This holiday season, I’ve been thinking a lot about what’s important or more importantly, maybe, what’s not. We always have the best of intentions, don’t we? We plan to do it all, see it all, send cards to everyone we’ve ever met, bake cookies that would put Betty Crocker to shame, give gifts that astound and throw parties the attendees will talk about for years.
And then December comes, the days fly by like snowflakes and the cards don’t get done, the cookies come from a box, the gifts are well-intentioned and the parties, well. Someone spills wine on the carpet, the uncles argue and the aunts ruin the roast. You get the idea.
It seems like just yesterday I was sitting at the bar before a season-opening concert of Handel’s Messiah in November, planning what we wanted to do, this holiday. And now, it’s almost New Year’s and I’m writing the same blog post everyone’s writing, or thinking or bemoaning: that everything didn’t get done and the season hasn’t been the vision of perfection we imagined.
But why are we imagining it that way, I wonder? Why do we strive for perfection, when it’s such a subjective, fabricated ideal anyway? Several times this season, I’ve tried to step back and think about what means the most. What we need, as human spirits, to feel fulfilled. Sometimes, we have to decide what to let go, what to stop caring about, in order to remember to care about what matters.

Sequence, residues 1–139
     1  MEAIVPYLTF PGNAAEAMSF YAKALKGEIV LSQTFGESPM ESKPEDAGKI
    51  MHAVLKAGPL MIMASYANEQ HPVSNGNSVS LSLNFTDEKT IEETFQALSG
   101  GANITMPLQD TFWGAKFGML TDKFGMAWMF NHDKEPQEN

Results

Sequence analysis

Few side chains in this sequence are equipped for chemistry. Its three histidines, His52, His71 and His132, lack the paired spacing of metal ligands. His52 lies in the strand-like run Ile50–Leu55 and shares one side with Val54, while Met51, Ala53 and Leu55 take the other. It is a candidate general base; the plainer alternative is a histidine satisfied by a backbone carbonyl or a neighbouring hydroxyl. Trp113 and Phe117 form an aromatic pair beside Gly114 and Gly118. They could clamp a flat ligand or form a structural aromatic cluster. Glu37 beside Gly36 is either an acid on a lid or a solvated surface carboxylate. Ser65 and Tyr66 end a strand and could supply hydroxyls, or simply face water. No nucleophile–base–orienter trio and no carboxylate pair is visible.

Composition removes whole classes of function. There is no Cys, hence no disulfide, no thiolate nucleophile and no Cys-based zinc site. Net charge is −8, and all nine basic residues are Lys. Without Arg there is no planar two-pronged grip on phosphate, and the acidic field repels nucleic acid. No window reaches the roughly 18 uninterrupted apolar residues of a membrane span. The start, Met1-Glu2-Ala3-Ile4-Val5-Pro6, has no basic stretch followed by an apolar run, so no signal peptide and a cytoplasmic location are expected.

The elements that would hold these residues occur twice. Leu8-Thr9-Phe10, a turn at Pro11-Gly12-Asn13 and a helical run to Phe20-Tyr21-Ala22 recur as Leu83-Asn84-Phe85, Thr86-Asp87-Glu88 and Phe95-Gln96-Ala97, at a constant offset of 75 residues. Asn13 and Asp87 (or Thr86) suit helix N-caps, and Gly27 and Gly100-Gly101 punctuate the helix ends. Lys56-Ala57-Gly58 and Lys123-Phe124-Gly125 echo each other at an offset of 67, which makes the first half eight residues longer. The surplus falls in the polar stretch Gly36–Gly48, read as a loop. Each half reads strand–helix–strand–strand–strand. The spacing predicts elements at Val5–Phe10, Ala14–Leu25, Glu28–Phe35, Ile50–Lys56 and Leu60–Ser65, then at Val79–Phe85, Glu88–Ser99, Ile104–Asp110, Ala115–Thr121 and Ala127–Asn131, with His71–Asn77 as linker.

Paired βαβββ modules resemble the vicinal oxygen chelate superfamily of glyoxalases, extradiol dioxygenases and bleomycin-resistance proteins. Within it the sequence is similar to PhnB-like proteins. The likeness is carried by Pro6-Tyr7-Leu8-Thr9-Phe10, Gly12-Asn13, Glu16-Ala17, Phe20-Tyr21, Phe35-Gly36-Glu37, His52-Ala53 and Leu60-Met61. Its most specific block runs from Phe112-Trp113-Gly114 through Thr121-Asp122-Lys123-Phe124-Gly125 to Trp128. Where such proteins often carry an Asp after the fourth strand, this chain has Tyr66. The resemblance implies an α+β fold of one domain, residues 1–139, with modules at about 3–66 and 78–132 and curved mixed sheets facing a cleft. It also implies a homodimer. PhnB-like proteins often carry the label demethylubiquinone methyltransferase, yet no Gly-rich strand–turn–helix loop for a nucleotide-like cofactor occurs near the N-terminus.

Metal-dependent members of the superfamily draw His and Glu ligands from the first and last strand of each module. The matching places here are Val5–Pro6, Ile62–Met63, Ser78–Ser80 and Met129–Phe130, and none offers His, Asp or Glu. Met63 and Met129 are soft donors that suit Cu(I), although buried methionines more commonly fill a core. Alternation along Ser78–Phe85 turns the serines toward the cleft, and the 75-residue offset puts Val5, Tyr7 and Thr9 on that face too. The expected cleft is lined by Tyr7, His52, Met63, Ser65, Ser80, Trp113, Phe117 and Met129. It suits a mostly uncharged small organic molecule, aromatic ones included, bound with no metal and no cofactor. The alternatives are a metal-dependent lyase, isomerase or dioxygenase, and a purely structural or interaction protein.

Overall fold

This New Year, I’m making only one resolution: not to. Because when we let ourselves get so caught up in whether the scallops brown perfectly, whether the napkins match the tablecloth or the present is the best one the recipient will get this year, or maybe ever, we don’t remember to cherish the people who make it all worthwhile. This is a reminder to myself as much as anyone: that none of us is an island, and if we were, we wouldn’t be worrying about the trivial accessories to perfection most of us mistake for the centerpiece.
That centerpiece is community. Whether that be family, friends or the family your friends have become, this is a call to be there with them, for them, this season. I know I forget that, sometimes. I forget that no one cares what the table looks like, whether my lipstick is on straight, whether we say the right thing at the right time to the right person. What we need to care about is each other. All the time, starting right now.
It may not be a new sentiment. It may not be an original one. But it’s important. This New Year, remember one another.
And go ahead and buy the damn cookies. Those professionals are paid to make them for a reason.